Victor Dubreuil (active 1880-1910), The International Contest Between Heenan and Sayers
Victor Dubreuil (active 1880-1910)
The International Contest Between Heenan and Sayers
Oil on canvas
Signed lower right "V. Dubreuil"
Canvas size: 31 1/2 x 41 1/2"
Frame size: 36 1/8 x 46 3/8"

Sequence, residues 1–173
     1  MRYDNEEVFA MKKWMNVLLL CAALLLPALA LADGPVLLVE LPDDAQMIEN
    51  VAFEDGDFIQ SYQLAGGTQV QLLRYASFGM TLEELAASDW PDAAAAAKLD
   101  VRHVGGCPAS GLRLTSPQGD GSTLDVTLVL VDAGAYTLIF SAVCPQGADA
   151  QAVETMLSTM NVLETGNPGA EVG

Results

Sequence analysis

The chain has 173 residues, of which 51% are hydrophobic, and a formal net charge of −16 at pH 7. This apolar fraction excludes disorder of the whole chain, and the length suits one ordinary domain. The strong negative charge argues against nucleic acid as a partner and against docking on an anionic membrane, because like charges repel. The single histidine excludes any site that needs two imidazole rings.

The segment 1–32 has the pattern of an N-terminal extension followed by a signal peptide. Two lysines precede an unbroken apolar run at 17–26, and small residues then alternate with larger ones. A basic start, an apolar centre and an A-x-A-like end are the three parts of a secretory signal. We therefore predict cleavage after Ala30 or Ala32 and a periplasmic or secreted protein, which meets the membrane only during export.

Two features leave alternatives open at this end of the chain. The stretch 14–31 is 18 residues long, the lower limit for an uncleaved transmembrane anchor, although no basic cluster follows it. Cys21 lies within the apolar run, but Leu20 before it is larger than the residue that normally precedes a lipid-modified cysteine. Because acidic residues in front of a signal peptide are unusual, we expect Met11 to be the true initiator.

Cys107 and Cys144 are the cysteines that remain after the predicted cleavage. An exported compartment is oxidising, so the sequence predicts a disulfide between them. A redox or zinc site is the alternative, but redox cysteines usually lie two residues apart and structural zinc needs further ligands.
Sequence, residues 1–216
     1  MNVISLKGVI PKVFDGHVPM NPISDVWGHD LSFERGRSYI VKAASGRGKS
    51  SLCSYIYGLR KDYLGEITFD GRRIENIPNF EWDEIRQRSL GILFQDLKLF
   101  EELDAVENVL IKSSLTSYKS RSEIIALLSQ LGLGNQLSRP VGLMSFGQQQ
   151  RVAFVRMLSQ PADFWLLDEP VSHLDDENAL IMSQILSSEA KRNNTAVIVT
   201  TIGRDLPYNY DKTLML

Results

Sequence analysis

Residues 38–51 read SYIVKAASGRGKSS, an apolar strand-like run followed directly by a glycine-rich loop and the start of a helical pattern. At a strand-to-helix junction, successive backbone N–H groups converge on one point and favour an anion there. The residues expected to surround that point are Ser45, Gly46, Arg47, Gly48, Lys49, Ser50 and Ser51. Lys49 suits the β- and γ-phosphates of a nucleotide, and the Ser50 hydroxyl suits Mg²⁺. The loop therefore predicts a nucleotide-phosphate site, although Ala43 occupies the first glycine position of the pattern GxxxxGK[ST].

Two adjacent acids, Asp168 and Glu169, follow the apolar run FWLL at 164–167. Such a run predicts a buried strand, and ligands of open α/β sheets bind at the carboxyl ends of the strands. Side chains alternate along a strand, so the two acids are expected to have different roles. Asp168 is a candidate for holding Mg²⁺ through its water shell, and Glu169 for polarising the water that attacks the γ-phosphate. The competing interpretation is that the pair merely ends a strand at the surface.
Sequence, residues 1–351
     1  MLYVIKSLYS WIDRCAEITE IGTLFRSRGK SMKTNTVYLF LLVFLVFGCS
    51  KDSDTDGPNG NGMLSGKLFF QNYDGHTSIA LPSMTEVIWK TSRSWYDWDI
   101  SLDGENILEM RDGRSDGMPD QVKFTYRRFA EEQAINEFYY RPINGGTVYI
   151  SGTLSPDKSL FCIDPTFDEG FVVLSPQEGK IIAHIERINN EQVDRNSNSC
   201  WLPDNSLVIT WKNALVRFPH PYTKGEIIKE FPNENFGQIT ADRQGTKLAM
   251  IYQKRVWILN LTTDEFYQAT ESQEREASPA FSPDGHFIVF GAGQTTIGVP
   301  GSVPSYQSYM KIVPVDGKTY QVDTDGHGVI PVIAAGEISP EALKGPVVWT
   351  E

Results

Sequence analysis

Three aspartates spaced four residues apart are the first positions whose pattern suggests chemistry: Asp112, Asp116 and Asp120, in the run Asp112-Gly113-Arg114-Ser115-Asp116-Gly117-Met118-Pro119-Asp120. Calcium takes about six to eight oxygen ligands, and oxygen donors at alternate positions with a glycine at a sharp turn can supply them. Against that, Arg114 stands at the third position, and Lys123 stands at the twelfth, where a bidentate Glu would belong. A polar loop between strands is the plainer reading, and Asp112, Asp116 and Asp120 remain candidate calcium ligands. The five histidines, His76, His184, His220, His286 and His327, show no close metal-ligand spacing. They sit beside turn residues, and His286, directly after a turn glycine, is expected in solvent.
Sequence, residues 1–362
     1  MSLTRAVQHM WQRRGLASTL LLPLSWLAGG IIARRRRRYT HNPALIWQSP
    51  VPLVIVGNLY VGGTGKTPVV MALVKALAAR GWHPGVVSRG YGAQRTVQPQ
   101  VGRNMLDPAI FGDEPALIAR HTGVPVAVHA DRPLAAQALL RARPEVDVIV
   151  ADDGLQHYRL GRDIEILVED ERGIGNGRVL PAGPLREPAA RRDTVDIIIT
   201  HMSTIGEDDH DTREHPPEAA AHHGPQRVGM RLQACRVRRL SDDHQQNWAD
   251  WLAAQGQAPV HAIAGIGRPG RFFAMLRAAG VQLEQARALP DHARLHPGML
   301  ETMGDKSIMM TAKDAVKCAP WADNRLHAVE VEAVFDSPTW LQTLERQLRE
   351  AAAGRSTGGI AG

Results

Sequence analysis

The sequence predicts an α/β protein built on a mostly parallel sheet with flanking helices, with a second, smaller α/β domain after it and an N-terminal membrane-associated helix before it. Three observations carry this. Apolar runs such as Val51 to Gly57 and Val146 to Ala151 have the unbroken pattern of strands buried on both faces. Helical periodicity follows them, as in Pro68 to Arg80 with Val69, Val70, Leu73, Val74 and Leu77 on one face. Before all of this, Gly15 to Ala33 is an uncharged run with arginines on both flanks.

The heavyweight title fight between the English boxer Tom Sayers and his American counterpart John .C. Heenan was fought in 1860. It took place at Farnborough, England because pugilism was still officially outlawed in the United States. However, it was the first title fight to draw attention from both sides of the Atlantic. Heenan outweighed Sayers by 46 pounds and towered six inches above him. Up to this time an American had not been regarded as a serious contender for the world title, but the discrepancy in the weights was expected to give Heenan a real chance. The fight was bloody from the beginning. In the sixth round, Sayers broke his right arm blocking a punch and in the eighth, Heenan broke his left hand. In the 37th round someone cut the ropes and the referee deserted. The fight continued for five more rounds until it ended in a draw. Victor Dubreuil's painting, The International Contest between Heenan & Sayers recreates the 1860 lithograph by the same name in the trompe l'oeil manner that Dubreuil used to paint his well-known depictions of money. He painted money in barrels, money tied in stacks and money pinned to a wall. His skill at trompe l'oeil was so good that he was suspected by the government of being a counterfeiter. Born in New York City to French émigré parents, he spent all of his known career in the place of his birth.
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